Abstract
The binding of allosteric modulators to G proteincoupled receptors (GPCRs) is often described by an equilibrium allosteric ternary complex model (ATCM). This study evaluated the effects of three modulators on the binding of [^{3}H]Nmethylscopolamine ([^{3}H]NMS) to the human M_{2} muscarinic acetylcholine receptor (mAChR). The binding of each modulator was more complex than predicted by the ATCM; the inhibitors heptane1,7bis(dimethyl3phthalimidopropyl)ammonium bromide and gallamine yielded biphasic curves that were described empirically by a twosite binding model, whereas the enhancer alcuronium yielded a bellshaped curve. Radioligand dissociation assays revealed that the modulators retarded [^{3}H]NMS kinetics such that the system never attained equilibrium. Subsequent application of a kinetic ATCM accommodated and quantified all experimental observations. Our findings confirm and extend previous studies on the use of a kinetic ATCM for mAChR allosteric enhancers, but also highlight how complex curves displayed by allosteric inhibitors can be misinterpreted in terms of multisite orthosteric binding. It is possible that similar behavior of other allosteric modulators at GPCRs may reflect nonequilibrium binding artifacts rather than deviation from an ATCM.
G proteincoupled receptors (GPCRs) comprise the largest family of all receptors, and drugs that target GPCRs represent the major proportion of all therapeutic agents (Drews, 2000). Traditionally, GPCRbased drug discovery has been driven by the targeting of receptor orthosteric sites, that is, the site on the GPCR recognized by its endogenous agonist (Christopoulos, 2002). However, many GPCR families possess allosteric binding sites that can be targeted by natural or synthetic ligands to modulate orthosteric ligand binding and/or receptor function through allosteric interactions (Christopoulos and Kenakin, 2002; see Discussion). In the present study, we define an “allosteric interaction” as one that occurs between two topographically distinct binding sites on the one GPCR.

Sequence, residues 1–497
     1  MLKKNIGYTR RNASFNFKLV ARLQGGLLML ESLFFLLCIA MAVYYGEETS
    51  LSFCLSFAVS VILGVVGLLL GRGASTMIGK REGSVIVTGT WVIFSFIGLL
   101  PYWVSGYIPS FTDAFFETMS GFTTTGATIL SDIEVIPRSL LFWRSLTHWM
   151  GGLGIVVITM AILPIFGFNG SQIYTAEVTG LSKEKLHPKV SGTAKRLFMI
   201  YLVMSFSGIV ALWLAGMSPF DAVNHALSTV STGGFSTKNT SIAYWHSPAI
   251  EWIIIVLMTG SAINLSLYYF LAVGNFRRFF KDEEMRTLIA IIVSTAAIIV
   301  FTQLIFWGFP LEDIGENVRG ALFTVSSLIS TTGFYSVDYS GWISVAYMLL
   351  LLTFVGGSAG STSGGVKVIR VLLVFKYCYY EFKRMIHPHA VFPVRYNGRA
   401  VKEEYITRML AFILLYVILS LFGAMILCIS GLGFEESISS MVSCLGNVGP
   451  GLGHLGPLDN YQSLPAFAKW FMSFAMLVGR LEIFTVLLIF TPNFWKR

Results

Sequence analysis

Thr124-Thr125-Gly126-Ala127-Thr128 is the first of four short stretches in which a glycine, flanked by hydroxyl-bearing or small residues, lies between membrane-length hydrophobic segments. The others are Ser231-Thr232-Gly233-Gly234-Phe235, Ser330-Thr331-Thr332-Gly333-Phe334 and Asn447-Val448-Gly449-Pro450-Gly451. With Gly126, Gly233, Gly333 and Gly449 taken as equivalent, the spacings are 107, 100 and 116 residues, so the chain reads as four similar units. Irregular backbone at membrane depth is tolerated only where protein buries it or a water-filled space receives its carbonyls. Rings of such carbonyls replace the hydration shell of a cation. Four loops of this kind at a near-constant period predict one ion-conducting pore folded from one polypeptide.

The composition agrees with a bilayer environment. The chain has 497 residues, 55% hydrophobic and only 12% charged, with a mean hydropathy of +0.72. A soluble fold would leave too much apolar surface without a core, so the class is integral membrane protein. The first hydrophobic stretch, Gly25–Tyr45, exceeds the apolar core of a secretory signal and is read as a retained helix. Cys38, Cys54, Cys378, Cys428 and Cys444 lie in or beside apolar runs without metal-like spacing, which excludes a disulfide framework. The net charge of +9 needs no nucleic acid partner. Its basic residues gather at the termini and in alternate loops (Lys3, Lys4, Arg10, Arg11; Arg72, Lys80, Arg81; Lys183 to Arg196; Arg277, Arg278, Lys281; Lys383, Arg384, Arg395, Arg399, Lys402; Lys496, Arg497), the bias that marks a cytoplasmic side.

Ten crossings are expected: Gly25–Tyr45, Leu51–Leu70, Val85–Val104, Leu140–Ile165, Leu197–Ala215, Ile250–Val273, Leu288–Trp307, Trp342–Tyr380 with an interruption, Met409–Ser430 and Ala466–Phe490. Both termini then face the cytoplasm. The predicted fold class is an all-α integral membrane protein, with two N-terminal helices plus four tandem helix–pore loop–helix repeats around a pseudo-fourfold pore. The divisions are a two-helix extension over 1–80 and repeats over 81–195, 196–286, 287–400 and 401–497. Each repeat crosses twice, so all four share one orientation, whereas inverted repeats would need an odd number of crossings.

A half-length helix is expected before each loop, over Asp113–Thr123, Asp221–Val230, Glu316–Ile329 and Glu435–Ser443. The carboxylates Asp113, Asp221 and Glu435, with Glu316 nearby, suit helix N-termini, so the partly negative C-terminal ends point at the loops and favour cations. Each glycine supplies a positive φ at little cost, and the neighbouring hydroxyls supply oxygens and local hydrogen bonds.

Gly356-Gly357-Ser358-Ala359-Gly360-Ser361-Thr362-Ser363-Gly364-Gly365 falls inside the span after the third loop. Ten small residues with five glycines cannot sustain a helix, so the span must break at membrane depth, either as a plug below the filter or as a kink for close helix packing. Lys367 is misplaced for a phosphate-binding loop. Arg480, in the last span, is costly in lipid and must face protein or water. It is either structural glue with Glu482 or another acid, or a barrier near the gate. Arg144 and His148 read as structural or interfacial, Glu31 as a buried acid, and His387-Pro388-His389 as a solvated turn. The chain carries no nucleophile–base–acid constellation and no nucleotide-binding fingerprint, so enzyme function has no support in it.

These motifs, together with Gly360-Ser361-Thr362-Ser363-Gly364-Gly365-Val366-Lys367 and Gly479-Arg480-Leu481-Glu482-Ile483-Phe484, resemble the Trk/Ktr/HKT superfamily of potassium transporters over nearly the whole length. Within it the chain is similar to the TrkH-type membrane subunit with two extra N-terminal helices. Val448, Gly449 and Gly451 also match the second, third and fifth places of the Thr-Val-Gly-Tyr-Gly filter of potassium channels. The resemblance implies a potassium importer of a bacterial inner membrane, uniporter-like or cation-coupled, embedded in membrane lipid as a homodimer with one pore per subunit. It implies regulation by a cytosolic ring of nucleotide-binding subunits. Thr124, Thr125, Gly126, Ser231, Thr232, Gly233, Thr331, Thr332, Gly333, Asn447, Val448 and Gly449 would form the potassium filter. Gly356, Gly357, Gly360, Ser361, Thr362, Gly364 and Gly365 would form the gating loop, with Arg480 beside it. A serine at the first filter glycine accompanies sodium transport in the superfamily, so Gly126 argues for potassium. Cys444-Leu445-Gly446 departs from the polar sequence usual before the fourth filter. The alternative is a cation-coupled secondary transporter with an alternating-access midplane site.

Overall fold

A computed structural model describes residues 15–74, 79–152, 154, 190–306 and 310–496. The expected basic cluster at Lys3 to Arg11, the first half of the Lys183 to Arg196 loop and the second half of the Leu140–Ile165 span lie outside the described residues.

An advantage of allosteric ligands is the potential for greater selectivity of action at receptors that show high sequence homology within the orthosteric binding domain across subtypes, because allosteric domains tend to show less sequence conservation across receptor subtypes (Christopoulos, 2002; Christopoulos and Kenakin, 2002). The muscarinic acetylcholine receptors (mAChRs) are a prime example and are arguably the beststudied GPCR model system with respect to the phenomenon of allosteric modulation (Lee and ElFakahany, 1991; Waelbroeck, 1994; Tuček and Proska, 1995; Birdsall et al., 1996; Ellis, 1997; Christopoulos et al., 1998; Holzgrabe and Mohr, 1998). Given the current paucity of sufficiently subtypeselective orthosteric mAChR ligands, allosteric modulators of mAChRs are potentially useful alternatives in the therapy of disorders that involve an mAChR component, such as cognitive dysfunction, schizophrenia, and a variety of pain states (Felder et al., 2000).
The simplest mechanism that can describe allosteric interactions at GPCRs is the allosteric ternary complex model (ATCM; Fig. 1) (Stockton et al., 1983; Ehlert, 1988), which quantifies the effects of a modulator in terms of its affinity for the allosteric site on the unoccupied receptor and the magnitude of cooperativity between allosteric and orthosteric sites when each is occupied by their respective ligand. Of all GPCRs studied to date, the M_{2} mAChR has been the most extensively investigated in terms of the ATCM, because there are many modulators that show high selectivity for this receptor and exhibit behaviors consistent with the model (Ellis, 1997; Christopoulos et al., 1998). There are examples in the literature, however, where the ATCM has been deemed either inappropriate or insufficient to accommodate experimental observations with certain allosteric ligands (Christopoulos, 2002; Christopoulos and Kenakin, 2002). Although this conclusion may be valid for some GPCRmodulator combinations, it is likely premature for others; a hallmark of many allosteric modulators of GPCRs is the ability to alter the kinetics of orthosteric ligandreceptor interaction, leading to nonequilibrium binding artifacts that can be misinterpreted in terms of more complex reaction schemes than the ATCM (Proska and Tuček, 1994; Lazareno and Birdsall, 1995).
Given the propensity for many allosteric modulators to modify orthosteric ligand binding kinetics, it is important to detect and use kinetic phenomena in the evaluation of mechanisms underlying actions of such modulators before proposing more complex schemes than the ATCM to explain the data. For the mAChRs, a kinetic ATCM has been applied successfully to quantify the actions of positive and neutral allosteric modulators, which exert their kinetic effects over the same concentration range as that typically investigated in equilibriumtype binding assays and thus yield binding isotherms that are incompatible with the equilibrium ATCM (Lazareno and Birdsall, 1995). However, it has been suggested that the use of a kinetic ATCM is unlikely to be necessary for negative allosteric ligands, because their kinetic effects are most pronounced only at very high modulator concentrations (Lazareno and Birdsall, 1995; Ellis, 1997).